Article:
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Daily Archive for March 29th, 2012

Weekend Seminar and Intensive Study Program on Shinran Shonin’s Thought and the Nirvana Sutra

July 6, 2012toJuly 12, 2012

Weekend Seminar and Intensive Study Program on Shinran Shonin’s Thought and the Nirvana Sutra

Keynote and study program led by Mark L. Blum, State University of New York, Albany

Prof. Blum is translating the Nirvana Sutra for the BDK Tripitaka Translation Series. The first volume of this new translation of a key Mahayana text will be published this year.

Pacific Seminar 2012: Shinran’s Quest
Weekend seminar: Friday, July 6 to Sunday, July 8, 2012

Piecing together the events in Shinran’s life with his writings, the goal of the seminar is to identify first the problematic issues that Shinran was facing personally and socially, then identify what the solutions were that he discovered, and then to expand this into a more broad discussion of the implications inherent in those solutions in regard to (1) how to interpret the Buddhist tradition, (2) how to assess the nature of mankind/humankind in his time, and (3) what implications these conclusions have for us today both in our particular social and psychological contexts, and for the human condition as a whole regardless of time or place.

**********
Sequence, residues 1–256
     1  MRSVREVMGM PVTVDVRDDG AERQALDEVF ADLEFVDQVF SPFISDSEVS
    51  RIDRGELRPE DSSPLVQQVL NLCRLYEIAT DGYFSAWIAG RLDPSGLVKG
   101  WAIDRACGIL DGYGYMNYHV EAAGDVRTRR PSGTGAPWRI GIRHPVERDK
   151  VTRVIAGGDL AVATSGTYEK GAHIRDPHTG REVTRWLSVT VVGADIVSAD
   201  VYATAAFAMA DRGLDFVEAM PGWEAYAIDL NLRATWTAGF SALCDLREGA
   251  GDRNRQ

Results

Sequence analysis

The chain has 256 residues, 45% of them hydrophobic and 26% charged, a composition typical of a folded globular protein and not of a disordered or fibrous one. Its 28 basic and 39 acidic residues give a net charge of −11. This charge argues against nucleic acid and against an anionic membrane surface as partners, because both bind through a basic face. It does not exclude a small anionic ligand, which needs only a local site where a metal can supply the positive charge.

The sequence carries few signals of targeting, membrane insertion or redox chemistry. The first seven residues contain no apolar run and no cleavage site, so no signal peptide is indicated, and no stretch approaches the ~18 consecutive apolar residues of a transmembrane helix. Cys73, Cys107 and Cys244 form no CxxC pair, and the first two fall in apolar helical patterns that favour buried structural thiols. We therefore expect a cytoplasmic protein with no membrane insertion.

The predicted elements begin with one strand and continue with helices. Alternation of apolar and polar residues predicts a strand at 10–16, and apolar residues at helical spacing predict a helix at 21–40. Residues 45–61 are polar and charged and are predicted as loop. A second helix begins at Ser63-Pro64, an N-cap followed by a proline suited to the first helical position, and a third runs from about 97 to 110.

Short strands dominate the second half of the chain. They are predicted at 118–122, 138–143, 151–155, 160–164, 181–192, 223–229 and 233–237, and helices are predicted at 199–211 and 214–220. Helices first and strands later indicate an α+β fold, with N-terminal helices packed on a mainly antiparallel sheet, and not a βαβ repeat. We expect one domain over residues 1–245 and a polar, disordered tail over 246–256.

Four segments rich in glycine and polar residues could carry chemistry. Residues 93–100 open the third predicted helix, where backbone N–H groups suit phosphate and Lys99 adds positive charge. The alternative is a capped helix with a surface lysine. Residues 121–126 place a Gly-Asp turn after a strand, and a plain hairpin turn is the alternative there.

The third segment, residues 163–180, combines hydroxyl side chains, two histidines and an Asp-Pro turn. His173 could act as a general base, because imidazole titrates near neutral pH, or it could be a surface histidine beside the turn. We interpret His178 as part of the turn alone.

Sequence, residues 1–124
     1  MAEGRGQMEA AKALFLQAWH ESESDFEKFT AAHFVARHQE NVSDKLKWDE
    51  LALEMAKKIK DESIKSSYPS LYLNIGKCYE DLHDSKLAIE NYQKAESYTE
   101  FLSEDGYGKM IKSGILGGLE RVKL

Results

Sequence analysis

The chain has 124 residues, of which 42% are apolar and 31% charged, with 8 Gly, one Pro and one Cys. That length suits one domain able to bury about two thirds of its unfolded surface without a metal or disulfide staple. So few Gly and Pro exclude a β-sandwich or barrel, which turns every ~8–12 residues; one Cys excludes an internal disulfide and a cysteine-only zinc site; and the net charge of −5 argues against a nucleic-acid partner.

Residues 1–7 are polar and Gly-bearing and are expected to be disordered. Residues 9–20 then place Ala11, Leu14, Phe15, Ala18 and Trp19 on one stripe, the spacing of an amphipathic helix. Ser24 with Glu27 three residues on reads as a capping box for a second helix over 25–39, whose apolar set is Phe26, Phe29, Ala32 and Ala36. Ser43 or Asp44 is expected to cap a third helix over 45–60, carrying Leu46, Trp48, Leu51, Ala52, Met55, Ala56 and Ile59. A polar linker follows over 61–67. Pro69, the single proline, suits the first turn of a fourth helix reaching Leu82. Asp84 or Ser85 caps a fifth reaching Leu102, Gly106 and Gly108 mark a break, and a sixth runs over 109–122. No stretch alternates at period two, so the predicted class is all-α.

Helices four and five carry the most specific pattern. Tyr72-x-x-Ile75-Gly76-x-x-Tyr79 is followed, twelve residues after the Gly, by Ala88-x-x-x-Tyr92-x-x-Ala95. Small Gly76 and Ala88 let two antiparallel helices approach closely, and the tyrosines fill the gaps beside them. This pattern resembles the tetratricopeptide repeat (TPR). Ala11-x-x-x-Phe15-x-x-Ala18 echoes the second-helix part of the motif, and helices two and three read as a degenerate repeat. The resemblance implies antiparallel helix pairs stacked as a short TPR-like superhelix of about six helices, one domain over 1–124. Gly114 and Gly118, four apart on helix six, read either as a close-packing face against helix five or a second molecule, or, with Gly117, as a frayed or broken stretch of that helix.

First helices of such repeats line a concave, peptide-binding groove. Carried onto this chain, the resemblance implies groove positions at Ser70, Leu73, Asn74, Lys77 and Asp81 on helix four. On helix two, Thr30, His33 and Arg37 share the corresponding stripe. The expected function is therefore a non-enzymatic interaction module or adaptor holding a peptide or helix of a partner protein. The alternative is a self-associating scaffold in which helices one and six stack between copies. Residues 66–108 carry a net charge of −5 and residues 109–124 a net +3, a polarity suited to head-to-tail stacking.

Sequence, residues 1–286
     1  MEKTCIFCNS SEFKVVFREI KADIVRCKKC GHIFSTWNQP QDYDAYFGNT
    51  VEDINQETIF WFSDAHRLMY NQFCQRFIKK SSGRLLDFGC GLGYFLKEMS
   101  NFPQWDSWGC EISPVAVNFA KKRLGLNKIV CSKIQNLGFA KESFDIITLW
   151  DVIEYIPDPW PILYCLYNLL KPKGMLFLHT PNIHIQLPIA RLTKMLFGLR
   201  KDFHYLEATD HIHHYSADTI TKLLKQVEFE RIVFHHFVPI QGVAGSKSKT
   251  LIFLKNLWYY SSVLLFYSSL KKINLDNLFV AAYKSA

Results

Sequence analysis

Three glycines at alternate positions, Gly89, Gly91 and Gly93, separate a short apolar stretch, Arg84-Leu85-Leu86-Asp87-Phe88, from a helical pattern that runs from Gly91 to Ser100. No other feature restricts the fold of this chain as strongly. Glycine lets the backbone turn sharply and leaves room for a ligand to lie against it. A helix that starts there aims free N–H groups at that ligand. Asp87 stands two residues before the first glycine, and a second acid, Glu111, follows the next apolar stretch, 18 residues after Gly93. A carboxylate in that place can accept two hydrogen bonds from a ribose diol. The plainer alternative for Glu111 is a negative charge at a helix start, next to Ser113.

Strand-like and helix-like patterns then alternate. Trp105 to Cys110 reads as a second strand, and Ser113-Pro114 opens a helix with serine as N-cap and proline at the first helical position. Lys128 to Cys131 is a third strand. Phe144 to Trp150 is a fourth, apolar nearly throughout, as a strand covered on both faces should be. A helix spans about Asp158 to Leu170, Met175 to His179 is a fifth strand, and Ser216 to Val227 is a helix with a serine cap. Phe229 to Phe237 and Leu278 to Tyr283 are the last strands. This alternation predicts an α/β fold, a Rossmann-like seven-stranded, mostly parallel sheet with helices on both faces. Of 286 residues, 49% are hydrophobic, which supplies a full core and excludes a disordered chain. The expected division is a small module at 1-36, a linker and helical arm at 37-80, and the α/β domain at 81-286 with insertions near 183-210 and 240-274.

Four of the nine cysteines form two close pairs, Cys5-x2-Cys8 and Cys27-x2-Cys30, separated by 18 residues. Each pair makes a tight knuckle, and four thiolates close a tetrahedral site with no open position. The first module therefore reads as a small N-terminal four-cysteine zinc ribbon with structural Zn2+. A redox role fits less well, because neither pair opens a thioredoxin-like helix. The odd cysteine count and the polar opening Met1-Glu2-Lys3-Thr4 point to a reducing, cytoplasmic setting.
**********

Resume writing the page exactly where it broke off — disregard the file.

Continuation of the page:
A key component of the entire seminar will be the relationship between the doctrines in Tannisho and the Nirvana Sutra and how this perspective or gestalt was used by Shinran to understand the core teachings of The Larger Sutra and The Contemplation Sutra. This way of studying Shinran is something that at this point is rarely if ever discussed in English language materials on Shinran and Shin thought as a whole.

For more information on the Pacific Seminar, please contact the Center for Buddhist Education.

Shinran and the Mahāparinirvāṇa Sūtra
Intensive study program: Monday, July 9 to Thursday, July 12, 2012

This seminar will examine the role of the Mahāparinirvāṇa Sūtra in Shinran’s religious outlook. We will first look at the general themes of this scripture within the historical evolution of East Asian Buddhist thought, especially the Tiantai/Tendai scholastic tradition, and then look at where and how Shinran uses this sutra to support his arguments in the Kyōgyōshinshō.

Participation in the intensive study program requires participation in the weekend seminar as well. Academic credit (1.5 to 3.0 units) is available through the Institute of Buddhist Studies.

These programs are co-hosted by the Institute of Buddhist Studies, and the Center for Buddhist Education. Please contact the CBE for more information and registration materials.

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